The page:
‘Oh . . .’ Harry said, disappointed.
‘But meanwhile, Freya will let you share Jasper, lovie. Won’t you, Freya?’ Mrs Mitchell shot Freya a look that didn’t brook dissent.
‘Well, yeah, but he’s still technically mine,’ Freya insisted.
Her mother smiled. ‘Yes, of course.’
Freya was still swinging the toy in front of Jasper’s nose. He was going somewhat cross-eyed, watching it. She threw it across the room. ‘Fetch then, Jasper!’
The puppy wriggled frantically, wanting to chase.
‘Let him go, Bernie!’ Freya commanded. Bernice put him down and Jasper scampered after the toy, clamping it in his jaws. It was nearly as big as him, and certainly as long, but he staggered back with it, tripping over and righting himself, to the girls.
‘There’s a clever boy, Jasper!’ Freya cried. She took hold of one end and pulled, as the puppy refused to relinquish it and tugged back.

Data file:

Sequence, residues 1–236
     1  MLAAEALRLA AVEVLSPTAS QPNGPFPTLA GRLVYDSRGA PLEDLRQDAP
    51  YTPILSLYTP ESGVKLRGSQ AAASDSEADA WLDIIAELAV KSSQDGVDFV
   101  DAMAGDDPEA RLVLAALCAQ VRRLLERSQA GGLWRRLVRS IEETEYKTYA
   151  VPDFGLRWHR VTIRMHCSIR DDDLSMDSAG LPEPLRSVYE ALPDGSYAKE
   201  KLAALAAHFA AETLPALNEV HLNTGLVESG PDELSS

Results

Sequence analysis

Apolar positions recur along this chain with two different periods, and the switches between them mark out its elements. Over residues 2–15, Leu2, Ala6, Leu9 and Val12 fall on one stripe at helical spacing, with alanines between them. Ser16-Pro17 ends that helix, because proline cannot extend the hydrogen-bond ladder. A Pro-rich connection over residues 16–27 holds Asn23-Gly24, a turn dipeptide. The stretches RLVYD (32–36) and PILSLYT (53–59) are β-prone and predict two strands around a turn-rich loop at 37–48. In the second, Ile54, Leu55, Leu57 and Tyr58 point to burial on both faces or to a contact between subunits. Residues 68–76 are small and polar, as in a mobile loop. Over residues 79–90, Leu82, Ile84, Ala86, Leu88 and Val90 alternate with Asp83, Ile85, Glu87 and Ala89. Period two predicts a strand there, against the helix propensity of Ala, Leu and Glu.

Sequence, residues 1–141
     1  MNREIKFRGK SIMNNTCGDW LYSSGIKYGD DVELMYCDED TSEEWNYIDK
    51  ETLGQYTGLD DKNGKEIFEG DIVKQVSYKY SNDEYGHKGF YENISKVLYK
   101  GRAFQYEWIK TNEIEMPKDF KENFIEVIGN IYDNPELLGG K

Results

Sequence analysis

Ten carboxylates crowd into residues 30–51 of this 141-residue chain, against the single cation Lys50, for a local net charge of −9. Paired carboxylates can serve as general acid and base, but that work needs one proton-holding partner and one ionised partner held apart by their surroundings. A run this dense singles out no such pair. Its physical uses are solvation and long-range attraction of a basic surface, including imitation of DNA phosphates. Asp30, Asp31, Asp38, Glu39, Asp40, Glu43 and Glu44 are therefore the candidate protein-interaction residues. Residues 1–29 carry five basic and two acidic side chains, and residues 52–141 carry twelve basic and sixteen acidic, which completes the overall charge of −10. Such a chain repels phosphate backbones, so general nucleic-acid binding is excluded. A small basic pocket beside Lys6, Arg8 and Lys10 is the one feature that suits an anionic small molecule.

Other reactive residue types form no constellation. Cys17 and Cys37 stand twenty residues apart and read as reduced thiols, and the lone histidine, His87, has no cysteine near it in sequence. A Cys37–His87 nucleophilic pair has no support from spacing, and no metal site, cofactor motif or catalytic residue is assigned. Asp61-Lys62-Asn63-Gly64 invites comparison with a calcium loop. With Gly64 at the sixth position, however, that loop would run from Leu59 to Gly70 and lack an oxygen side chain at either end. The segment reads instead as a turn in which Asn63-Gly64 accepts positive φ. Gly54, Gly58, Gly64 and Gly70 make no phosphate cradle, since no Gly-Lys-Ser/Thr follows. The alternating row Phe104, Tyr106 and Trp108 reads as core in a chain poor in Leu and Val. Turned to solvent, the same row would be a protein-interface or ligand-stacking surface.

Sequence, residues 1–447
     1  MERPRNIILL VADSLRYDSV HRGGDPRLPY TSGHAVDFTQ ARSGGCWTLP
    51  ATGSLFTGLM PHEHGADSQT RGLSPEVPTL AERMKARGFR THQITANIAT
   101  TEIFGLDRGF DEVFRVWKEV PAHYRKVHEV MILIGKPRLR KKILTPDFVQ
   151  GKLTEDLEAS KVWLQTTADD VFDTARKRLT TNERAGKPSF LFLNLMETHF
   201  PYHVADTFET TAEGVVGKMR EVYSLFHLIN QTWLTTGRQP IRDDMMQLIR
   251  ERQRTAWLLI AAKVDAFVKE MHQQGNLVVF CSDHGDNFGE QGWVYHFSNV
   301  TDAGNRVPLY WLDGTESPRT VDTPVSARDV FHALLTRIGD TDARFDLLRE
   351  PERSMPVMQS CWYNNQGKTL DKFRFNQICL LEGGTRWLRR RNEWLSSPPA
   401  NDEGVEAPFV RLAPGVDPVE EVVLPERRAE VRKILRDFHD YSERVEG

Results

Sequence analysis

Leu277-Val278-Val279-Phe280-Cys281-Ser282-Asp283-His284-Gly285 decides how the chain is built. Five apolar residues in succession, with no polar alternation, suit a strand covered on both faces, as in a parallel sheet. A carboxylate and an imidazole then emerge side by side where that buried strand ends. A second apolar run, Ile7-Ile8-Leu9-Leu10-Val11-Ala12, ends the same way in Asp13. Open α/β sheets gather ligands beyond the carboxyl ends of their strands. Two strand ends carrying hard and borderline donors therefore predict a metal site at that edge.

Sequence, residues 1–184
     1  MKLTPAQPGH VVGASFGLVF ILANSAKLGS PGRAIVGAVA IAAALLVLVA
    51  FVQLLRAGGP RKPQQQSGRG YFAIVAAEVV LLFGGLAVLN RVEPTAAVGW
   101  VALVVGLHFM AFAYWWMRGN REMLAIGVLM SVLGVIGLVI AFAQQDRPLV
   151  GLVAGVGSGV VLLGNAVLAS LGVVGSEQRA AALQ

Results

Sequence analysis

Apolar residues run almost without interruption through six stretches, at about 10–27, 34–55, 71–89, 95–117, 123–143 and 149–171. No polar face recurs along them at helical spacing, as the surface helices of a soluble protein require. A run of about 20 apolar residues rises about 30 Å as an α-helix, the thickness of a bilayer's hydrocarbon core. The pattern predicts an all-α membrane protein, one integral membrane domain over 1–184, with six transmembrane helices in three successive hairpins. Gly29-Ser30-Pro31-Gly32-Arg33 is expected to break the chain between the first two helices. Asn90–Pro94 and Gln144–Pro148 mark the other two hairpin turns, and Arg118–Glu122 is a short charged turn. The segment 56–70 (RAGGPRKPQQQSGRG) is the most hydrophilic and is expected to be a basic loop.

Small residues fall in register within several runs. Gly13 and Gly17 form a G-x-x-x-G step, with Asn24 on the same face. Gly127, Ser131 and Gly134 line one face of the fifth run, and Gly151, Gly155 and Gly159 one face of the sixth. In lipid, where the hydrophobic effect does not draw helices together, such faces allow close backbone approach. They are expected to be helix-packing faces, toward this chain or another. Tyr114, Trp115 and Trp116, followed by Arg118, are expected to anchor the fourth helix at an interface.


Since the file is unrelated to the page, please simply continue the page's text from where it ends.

‘Careful Freya,’ Mrs Mitchell warned, ‘don’t pull too hard. He’s only got a little mouth and his baby teeth.’
Freya let go and Jasper, resistance suddenly ended, collapsed back into a furry, legs-thrashing-about ball. Everyone hooted with laughter. Percy just yawned. Her mum got to her feet to go and make herself a mug of tea and get drinks for the children. That was the other thing that Bernice liked about her: she allowed her kids Coke. Her own mother wouldn’t have it in the house, only natural unsweetened juice, because Coke was much too sugary, she said. Bernice stayed until a quarter to five, playing and cuddling, then reluctantly tore herself away from the little furry centre of attention. She’d promised faithfully to be home by five. If she was late she’d be in deep trouble and probably grounded, then there’d be no more visits to Jasper for ages.
She walked home rehearsing in her mind all the arguments for having a Jasper of her own. Well, it wouldn’t be ‘Jasper’ of course. Perhaps not even the same sort of dog. Retrievers were very big, it had to be admitted. Perhaps she should be crafty and suggest a much smaller model that would be more acceptable to Mum and Dad. Like a – what? Poodle, or something? Poodle puppies would probably be even cuter than Jasper.